A simple mathematical model (MOCLA: Model for Organic Chemicals in Landfills) is presented, describing the distribution of organic chemicals between leachate, gas and solid waste. The model also predicts the fate of the chemicals in terms of emissions with leachate and landfill gas and in terms of degradation and transformation in the landfill. Local equilibrium is assumed for the distribution of the chemicals in the landfill as expressed by Henry’s Law for the leachate-gas interface, and by the linear partition coefficient based on the waste solid organic carbon content for the waste-leachate interface. Degradation of the chemicals is expressed as a first order reaction. Annual specific leachate and gas generation data in combination with data on landfill area and volume allow for prediction of main emission routes. Model simulations involving two landfill scenarios for a number of chemicals with different physico-chemical characteristics indicate that volatilisation is a likely route for some chemicals (e.g. vinyl chloride, and some of the freons), while other chemicals (e.g. phenol, lower chlorinated aliphatic compounds) more likely will appear as dissolved in the leachate. However, many chemicals will be strongly associated with the solid waste (e.g. dichlorobenzene, naphthalene, and higher Polycyclic Aromatic Hydrocarbons (PAHs), and the pool available will be able to supply the landfill gas and leachate with organic trace components for decades unless these are degraded in the landfill. The model suggests that, in addition to the physico-chemical characteristics of the organic chemical, the presence of free phases of organic chemicals and the degradability of the chemicals are the main factors controlling the fate and emissions of organic chemicals in the landfill environment.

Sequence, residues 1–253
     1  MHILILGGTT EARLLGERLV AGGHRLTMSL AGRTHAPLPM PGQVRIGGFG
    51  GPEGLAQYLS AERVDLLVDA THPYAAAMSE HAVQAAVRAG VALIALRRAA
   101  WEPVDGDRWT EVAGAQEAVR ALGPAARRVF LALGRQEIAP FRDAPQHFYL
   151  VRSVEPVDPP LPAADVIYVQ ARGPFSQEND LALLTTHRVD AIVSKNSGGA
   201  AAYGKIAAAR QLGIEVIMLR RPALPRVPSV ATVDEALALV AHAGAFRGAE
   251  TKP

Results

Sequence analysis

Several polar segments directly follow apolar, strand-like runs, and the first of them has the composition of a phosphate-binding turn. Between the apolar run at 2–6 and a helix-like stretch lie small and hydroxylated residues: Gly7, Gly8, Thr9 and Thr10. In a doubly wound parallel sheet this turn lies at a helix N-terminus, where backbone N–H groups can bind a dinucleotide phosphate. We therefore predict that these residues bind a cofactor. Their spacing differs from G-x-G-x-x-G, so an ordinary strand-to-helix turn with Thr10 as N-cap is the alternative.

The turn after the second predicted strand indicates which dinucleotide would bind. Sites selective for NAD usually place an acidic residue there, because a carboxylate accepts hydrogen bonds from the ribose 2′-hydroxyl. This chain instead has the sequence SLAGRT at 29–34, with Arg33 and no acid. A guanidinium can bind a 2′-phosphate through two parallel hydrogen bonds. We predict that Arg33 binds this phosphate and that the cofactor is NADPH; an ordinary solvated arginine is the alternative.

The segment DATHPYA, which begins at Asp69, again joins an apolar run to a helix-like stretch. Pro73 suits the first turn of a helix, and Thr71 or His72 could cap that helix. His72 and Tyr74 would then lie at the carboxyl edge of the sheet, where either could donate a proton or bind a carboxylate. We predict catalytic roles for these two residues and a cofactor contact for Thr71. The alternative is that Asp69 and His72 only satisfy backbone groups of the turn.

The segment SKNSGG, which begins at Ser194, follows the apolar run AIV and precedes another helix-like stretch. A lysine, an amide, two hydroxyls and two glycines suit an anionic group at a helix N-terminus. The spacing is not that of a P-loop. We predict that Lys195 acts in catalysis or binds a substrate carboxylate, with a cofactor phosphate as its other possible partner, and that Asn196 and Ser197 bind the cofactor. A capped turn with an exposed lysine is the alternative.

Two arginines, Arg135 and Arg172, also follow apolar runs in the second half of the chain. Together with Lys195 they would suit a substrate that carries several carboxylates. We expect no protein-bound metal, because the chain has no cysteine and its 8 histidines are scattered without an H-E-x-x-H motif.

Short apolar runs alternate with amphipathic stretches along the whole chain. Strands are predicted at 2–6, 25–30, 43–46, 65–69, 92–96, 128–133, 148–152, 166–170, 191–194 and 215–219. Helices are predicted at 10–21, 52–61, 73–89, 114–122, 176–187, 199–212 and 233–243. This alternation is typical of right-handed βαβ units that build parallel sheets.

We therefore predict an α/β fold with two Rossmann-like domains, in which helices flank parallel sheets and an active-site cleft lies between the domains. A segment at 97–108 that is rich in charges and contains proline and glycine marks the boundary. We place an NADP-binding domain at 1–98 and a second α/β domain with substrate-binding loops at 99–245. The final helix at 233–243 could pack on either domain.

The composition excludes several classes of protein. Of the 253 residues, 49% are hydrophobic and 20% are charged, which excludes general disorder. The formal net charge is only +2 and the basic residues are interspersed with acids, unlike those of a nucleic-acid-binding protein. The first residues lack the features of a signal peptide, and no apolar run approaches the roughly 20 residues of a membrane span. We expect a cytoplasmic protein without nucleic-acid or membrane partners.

- organic chemicals
- phase distribution